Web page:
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Leon Kass seeks to take cloning out, and embryo research with it.

Tuesday, 19 February, 2008

I’ve noticed Leon Kass, the conservative bioethicist who headed up the US President’s Council on Bioethics, has a recent piece in The Weekly Standard called “Defending Life and Dignity: How, finally, to ban cloning. It’s a usual quasi-religious diatribe against cloning, with phrases such as this:

We seek to protect vulnerable human life against destruction and exploitation. We seek to defend human procreation against degrading reproductive practices–such as cloning or embryo fusing–that would deny children their due descent from one father and one mother and their right not to be “manufactured.”

All it needs now are the words ‘God-given’ in front of right not to be manufactured and it would be complete. Perhaps I am not familiar enough with the arguments of Kass, but I fail to see how anyone has a ‘right not to be manufactured’ or is due a ‘descent from one father and one mother’. Does not the US Declaration of Independence read:

We hold these truths to be self-evident, that all men are created equal, that they are endowed by their Creator with certain unalienable Rights, that among these are Life, Liberty and the pursuit of Happiness.

Doesn’t Liberty include reproductive freedom? That would mean that we have a right for the government to stay the hell out of our bedrooms (and, by extension, the IVF clinic). I’m sure Kass remembers the last time the US Government (in this case, state governments) interfered with procreative liberty by prohibiting mixed-race marriages (in other words, by stating that children are owed a ‘due descent’ from one white mother and one white father). That was found by the Supreme Court in the case Loving v. Virginia to be contrary to the Fourteenth Amendment, which defends the rights mentioned in the Declaration.

In order to justify a interference in liberty, there needs to be a real and present danger to individual (or public) health and /or happiness. I’m sorry Leon, but a threat to some made-up rights and some fuzzy concept like ‘human dignity’ just don’t cut it. If dignity rated higher than freedom, then we’d have bans on silly hats and clown shoes (and, as far as I know, we don’t ban those unless they pose a safety risk).

Towards the end of his piece, Kass then starts to call for legislation. As this is a Biopolitics blog, I will look at this section more closely than the rest:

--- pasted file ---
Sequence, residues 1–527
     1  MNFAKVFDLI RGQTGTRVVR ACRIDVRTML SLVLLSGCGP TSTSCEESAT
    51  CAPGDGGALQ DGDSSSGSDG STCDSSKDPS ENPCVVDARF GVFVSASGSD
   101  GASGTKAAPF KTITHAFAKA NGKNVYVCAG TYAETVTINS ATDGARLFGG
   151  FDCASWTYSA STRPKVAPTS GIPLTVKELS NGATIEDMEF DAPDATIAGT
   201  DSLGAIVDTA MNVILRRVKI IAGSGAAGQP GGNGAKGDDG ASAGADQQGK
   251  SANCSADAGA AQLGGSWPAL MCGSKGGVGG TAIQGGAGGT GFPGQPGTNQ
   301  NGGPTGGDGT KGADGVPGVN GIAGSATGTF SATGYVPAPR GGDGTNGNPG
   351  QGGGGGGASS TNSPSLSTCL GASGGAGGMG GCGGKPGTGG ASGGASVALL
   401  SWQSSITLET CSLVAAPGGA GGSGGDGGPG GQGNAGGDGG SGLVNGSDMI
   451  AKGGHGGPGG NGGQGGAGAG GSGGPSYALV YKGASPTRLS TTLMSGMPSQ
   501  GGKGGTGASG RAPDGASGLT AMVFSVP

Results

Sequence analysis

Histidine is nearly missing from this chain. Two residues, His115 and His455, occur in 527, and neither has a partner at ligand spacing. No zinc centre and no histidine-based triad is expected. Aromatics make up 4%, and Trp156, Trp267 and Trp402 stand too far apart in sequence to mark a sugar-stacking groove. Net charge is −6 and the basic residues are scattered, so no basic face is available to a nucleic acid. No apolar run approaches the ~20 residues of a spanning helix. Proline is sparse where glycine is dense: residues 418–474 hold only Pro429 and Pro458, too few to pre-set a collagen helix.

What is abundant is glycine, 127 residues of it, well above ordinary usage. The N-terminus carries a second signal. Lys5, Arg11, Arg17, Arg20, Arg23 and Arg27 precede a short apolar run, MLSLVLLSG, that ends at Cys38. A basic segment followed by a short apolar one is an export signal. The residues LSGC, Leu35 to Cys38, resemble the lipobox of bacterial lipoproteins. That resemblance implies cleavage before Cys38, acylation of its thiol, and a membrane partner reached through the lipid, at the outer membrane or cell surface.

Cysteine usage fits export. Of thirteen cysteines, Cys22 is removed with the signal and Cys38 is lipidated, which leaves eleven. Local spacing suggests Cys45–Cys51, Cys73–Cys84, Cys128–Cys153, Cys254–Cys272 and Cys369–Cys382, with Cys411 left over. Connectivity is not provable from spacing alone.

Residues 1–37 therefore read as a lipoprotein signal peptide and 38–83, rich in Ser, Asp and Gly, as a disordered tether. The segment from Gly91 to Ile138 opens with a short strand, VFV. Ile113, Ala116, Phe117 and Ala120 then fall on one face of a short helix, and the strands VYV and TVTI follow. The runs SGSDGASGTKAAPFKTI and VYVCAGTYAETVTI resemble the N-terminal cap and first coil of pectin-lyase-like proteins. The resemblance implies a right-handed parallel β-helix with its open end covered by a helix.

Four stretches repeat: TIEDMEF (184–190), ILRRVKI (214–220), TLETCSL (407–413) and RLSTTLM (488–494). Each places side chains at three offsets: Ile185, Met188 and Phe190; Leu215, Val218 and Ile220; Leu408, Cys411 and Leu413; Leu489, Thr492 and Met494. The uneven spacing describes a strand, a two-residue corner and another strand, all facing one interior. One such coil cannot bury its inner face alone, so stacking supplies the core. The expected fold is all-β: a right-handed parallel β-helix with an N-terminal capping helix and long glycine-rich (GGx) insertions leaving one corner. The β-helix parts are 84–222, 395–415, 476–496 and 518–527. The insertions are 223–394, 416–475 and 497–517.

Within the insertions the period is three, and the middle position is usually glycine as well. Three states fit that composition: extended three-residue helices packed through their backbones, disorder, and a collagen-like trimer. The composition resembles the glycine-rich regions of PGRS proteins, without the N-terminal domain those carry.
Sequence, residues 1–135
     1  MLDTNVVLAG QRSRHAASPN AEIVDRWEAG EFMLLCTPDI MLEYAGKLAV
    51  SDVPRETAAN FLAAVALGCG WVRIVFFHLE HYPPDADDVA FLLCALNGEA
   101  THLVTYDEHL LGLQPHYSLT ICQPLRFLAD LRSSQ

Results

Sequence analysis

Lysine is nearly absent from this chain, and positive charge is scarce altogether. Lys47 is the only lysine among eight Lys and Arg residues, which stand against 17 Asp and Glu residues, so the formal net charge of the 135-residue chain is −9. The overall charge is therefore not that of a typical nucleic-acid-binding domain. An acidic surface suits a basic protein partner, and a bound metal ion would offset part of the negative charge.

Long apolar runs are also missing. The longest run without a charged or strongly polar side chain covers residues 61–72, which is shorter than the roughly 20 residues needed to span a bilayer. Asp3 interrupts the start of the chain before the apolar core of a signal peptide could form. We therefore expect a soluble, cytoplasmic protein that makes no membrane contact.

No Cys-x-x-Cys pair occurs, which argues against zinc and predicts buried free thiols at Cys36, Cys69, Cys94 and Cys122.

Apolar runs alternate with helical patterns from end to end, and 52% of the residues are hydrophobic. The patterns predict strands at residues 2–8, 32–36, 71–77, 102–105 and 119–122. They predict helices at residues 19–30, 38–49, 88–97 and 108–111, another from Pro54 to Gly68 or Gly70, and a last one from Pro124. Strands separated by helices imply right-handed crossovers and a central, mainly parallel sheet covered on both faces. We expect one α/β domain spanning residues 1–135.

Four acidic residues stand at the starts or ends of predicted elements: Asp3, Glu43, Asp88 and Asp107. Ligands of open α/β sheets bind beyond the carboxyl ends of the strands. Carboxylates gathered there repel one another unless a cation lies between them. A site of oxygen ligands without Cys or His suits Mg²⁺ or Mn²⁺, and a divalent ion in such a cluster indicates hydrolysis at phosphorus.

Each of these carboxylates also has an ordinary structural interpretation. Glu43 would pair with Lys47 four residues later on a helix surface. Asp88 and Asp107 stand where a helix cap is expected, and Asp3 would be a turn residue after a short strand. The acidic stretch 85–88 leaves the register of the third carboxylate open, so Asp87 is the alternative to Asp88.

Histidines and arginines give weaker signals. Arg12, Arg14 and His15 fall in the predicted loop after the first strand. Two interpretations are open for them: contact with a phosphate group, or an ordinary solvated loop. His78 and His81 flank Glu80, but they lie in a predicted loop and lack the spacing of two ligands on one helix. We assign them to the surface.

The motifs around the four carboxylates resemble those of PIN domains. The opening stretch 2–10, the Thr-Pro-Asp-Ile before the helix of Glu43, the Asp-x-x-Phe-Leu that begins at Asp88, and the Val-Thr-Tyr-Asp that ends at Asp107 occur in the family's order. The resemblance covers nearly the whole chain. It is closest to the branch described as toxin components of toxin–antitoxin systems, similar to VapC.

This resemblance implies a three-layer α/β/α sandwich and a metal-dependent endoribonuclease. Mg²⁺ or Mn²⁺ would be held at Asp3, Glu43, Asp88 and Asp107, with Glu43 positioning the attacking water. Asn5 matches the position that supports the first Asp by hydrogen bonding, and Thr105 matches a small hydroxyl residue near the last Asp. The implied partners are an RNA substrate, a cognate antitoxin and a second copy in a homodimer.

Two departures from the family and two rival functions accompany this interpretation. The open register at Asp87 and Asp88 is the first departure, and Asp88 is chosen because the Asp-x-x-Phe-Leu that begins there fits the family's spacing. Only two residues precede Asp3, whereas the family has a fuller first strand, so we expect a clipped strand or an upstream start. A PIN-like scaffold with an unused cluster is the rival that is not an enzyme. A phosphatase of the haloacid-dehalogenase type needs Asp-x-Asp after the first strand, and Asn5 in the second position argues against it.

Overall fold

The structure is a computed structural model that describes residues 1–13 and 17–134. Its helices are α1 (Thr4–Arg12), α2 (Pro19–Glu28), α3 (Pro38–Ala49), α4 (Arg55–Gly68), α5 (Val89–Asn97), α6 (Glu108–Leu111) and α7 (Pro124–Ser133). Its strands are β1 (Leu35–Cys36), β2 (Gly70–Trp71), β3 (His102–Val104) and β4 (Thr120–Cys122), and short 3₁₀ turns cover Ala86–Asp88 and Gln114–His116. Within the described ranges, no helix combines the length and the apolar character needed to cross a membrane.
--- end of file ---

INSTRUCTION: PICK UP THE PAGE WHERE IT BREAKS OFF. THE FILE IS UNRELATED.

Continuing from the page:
First, it now makes great sense to beef up federal support for regenerative medicine, prominently featuring ramped-up work with iPSCs (and other non-embryo-destroying sources of pluripotent human stem cells).

Yes, I agree with this, save for the ‘non-embryo-destroying’ clause. As I said a few days ago, we need embryo research.

Second, we should call for a legislative ban on all attempts to conceive a child save by the union of egg and sperm (both taken from adults). This would ban human cloning to produce children, but also other egregious forms of baby making that would deny children a link to two biological parents, one male and one female, both adults.

‘Deny a link to two biological parents’? I believe Kass is talking about a biological link to two parents here and not a social link, because single parentage and anonymous sperm/egg donation appears to be no problem. Why, if it is acceptable to be conceived by a mystery sperm, is it then unacceptable to be conceived from an egg derived from a female embryo? If one can acceptably never know one’s genetic parents, then does it really matter if those genetic parents were never adults or are now one’s grandparents (as in the case of one’s mother or father being cloned to produce oneself)?

Third, the time is also ripe for a separate bill to defend nascent life, by setting up a reasonable boundary in the realm of embryo research. […] The new iPSC research, however, suggests that our society can medically afford, at least for the time being, to put aside further creation of new human life merely to serve as a natural resource and research tool. We can now prudently shift the burden of proof to those who say such exploitative and destructive practices are absolutely necessary to seek cures for disease, and we can require more than vague promises and strident claims as grounds for overturning the moratorium.

Conveniently, I have already provided such arguments when I said that we need embryo research. Also, I think that instead of banning the practice until absolutely necessary, the more appropriate response would be to allow the practice until absolutely unnecessary. That, to me, would be more in keeping with a right to Liberty. We should require more than ‘vague promises and strident claims’ as grounds for limiting freedom with a moratorium.

Kass ends on a note that, saving for the last sentence, I must agree with:

The science is moving very rapidly. Before the end of the summer, we may well hear of the cloning of primate babies or perhaps even of a human child. Now is the time for action, before it is too late.

I wonder what Kass would do if presented with bouncing human baby that happened to have an identical genome to her mother. Once it is ‘too late’, what would Kass have us do then? Personally, I hope he would have a conversation with the child, and ask her if she feels wronged by her mother or if she feels she has less ‘human dignity’ than she could.

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